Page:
The Ping Shan Heritage Trail is found in the Yuen Long area of the New Territories and includes a fair number of historic buildings in the old villages of Hang Mei Tsuen, Hang Tau Tsuen as well as Sheung Cheung Wai.

The trail is 1.6 kilometres, starting from the Tsui Sing Lau Pagoda just outside the Tin Shui Wai MTR Station and ending at the Ping Shan Tang Clan Gallery cum Heritage Trail Visitor Centre, upon the hill that overlooks the village. You can visit the dozen historic buildings and monuments that make up this trail, spending 1.5-3 hours, depending on how leisurely you want to visit the various attractions. Attractions are all free entry if they are open to the public.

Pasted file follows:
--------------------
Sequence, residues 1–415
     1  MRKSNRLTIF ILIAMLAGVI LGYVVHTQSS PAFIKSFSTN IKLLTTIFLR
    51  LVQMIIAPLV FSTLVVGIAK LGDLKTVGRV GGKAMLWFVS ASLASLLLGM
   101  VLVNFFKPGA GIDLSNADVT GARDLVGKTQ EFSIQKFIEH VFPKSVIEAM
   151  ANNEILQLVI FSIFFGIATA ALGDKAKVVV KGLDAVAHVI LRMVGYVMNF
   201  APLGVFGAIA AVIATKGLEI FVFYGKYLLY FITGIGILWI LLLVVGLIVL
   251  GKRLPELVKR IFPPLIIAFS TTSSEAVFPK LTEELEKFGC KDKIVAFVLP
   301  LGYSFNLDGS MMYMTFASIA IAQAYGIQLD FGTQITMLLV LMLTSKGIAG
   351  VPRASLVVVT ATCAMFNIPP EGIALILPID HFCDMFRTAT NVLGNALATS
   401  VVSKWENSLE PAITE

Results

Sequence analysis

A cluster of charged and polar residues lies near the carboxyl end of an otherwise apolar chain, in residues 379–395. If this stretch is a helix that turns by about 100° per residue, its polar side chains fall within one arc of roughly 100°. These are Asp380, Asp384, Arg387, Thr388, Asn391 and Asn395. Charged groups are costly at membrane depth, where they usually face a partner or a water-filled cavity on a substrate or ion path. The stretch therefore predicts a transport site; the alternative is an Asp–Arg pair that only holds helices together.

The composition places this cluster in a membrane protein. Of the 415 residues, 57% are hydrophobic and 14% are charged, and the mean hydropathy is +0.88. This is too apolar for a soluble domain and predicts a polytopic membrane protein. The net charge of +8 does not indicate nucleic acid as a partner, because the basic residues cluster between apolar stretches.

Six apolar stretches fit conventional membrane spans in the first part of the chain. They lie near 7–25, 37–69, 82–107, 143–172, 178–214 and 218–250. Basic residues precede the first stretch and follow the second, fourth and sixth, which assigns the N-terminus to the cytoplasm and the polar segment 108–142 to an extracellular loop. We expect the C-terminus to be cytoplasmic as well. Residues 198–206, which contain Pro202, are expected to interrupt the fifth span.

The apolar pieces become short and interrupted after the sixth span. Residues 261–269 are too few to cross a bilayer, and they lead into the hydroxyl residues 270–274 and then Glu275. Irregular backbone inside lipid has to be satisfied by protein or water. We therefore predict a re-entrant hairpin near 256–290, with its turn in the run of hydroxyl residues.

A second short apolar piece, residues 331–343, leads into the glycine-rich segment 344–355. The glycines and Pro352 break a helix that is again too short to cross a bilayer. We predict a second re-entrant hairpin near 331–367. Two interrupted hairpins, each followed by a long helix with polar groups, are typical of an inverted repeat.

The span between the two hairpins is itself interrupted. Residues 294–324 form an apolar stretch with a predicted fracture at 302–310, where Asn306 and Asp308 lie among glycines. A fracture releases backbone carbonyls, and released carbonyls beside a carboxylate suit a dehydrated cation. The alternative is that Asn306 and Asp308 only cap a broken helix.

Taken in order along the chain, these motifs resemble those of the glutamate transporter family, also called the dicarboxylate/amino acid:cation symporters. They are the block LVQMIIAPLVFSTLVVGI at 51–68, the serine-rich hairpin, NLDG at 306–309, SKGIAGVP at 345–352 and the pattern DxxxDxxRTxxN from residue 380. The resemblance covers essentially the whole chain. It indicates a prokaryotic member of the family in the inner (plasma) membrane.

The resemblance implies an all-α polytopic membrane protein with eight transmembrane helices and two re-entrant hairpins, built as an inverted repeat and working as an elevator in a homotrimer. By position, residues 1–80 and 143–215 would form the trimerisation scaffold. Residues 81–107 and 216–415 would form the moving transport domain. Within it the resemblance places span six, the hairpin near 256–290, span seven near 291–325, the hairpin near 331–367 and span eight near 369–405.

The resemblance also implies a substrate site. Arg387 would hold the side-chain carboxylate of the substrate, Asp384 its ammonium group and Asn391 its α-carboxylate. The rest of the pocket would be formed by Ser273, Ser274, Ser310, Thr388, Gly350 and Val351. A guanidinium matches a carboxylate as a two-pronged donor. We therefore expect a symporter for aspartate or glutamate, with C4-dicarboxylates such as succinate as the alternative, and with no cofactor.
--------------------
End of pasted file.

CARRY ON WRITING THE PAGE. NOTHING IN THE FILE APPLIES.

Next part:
There are a fair number of different types of attractions on the trial, including the mentioned Pagoda, which is believed to be around 600 years old. There is a Shrine monument, two temples, several historic study halls and ancestral halls, most of which are believed to been originally constructed up to 200 years ago. Lastly, there is a gallery and visitor centre, which occupies the old Ping Shan Police Station, built at the turn of the 20th century.

The Ping Shan Trail Gallery requires a bit of an effort walking up the hill. Here you will find colonial period building architecture as well as interesting villages artefacts, historical information and pictures worth seeing there. Views afforded from this hillside location are also good.

Note: The Sheung Cheung Wai (walled village) and the Entrance Hall to the Shut Hing Study Hall are residential areas which makes them off limits for inside visitations. However, you can still see the outside facades, enjoying the architecture and ornamentation.